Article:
Fellows and Volunteers

Teaching for Change’s mission is advanced not only by our staff and board, but also by the dedicated focus on special projects by fellows and volunteers.

In 2014, the fellows are:

Tristan Brosnan. Collection of images and stories for the Zinn Education Project “this day in history” posts and drafting materials such as the March on Washington mythbuster quiz.

Amy Rothschild: Research and review excellent resources for early childhood educators, contribute book reviews and writings on social justice in the early childhood context.

Pat Scallen. Support for and documentation of teachers’ efforts to infuse the history and literature of Central America in their Spanish and social studies classes.

Neha Singhal. Preparation of lessons on Freedom Schools.

Katy Swalwell. Preparation of an evaluation plan for the Zinn Education Project for 2014 and field test of a labor history lesson.

 

Bios


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Tristan Brosnan, Fellow

Tristan Brosnan is a recent transplant to Washington, D.C., hailing from Vermont. In 2003, when the United States invaded Iraq, he started organizing against the war and has since worked on numerous campaigns and in different social struggles. In 2011 Tristan graduated from the University of Massachusetts Amherst with a degree in Social Thought and Political Economy, and History. While he’s not working or organizing, Tristan enjoys cooking, reading poetry, and hiking. Tristan is conducting historical research for the Zinn Education Project and CivilRightsTeaching.org and assisting with Teaching for Change’s public events.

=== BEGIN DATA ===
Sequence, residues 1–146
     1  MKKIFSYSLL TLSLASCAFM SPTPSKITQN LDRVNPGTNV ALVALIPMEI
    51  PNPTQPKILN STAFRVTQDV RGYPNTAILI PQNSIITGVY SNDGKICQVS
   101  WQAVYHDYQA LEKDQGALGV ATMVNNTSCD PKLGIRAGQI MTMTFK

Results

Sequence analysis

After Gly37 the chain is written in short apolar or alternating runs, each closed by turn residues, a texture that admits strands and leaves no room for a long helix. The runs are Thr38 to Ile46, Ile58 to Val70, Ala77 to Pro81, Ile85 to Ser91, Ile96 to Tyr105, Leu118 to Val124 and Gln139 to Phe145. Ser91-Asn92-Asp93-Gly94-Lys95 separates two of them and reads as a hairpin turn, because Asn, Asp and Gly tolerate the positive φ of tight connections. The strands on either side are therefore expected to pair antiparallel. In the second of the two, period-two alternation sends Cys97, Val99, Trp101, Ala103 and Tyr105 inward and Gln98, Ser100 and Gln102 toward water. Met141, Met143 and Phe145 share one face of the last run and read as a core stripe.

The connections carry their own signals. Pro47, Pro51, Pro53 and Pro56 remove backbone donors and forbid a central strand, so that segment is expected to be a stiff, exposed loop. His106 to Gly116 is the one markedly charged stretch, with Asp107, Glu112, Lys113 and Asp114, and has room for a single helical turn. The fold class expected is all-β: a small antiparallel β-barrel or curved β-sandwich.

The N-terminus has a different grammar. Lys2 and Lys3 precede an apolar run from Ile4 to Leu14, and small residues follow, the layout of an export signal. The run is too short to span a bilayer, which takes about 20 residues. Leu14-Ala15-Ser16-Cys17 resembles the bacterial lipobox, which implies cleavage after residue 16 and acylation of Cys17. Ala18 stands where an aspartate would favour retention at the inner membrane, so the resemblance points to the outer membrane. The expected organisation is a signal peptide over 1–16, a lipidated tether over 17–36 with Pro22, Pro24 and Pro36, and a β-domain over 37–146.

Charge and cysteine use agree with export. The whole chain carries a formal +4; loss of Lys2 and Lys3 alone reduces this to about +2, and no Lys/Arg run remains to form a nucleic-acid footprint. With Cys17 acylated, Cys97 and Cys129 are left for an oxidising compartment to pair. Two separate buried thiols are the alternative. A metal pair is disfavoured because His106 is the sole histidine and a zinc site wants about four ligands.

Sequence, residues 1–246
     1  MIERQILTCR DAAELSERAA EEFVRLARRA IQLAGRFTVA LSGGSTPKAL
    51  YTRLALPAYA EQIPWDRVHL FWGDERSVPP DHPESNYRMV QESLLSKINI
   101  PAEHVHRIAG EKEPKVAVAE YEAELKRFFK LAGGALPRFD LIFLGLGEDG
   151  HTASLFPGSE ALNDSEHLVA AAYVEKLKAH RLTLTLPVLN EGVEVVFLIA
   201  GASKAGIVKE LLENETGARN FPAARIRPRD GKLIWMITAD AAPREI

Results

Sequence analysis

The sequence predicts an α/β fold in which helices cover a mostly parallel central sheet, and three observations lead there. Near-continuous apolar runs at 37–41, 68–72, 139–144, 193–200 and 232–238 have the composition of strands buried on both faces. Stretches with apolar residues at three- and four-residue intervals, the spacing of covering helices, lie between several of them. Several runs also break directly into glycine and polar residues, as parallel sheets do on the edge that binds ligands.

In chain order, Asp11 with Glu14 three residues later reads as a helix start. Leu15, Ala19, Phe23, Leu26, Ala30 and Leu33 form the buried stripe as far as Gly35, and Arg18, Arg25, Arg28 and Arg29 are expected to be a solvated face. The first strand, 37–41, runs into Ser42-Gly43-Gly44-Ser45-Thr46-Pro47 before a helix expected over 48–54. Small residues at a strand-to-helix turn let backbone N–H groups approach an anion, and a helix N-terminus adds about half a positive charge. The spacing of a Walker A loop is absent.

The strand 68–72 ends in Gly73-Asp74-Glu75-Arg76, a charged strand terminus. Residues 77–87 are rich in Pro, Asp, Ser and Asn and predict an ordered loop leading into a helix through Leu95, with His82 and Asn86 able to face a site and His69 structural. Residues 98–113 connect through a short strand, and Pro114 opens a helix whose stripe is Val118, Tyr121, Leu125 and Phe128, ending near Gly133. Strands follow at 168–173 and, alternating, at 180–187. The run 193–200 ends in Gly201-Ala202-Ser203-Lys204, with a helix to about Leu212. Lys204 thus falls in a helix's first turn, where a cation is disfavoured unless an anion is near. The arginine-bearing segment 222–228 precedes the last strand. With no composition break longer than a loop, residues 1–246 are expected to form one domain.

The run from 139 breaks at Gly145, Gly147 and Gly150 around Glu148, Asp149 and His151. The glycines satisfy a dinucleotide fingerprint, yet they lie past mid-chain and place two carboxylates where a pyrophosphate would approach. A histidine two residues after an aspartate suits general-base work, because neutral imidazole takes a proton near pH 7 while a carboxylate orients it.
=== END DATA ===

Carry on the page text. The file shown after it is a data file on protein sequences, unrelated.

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Amy Rothschild, Fellow

Amy Rothschild is an early childhood educator who first connected with Teaching for Change in 2009.  She has contributed to Teaching for Change’s Recommended Booklists and the Teaching for Change blog, writing about multicultural children’s literature. She takes a strong interest in politics and policy pertaining to early childhood education. Her work has appeared on the Washington Post’s Answer Sheet Blog and EdWeek. Amy holds a B.A. in English from Yale University and a M.Ed in Early Childhood Education from Lesley University/The Shady Hill Teacher Training Course.


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Pat Scallen, Fellow

Patrick Scallen is an educator and social historian who specializes in cross-cultural and global studies with a focus on modern Latin America. A Detroit native, he holds graduate degrees in Latin American Studies (Tulane University) and history (Georgetown University). He has lived and worked in Central and South America, and his research focuses on urban social movements, the popular roots of state-sponsored violence, and Latino immigrant communities in the United States, specifically Salvadorans in the Washington, D.C. area.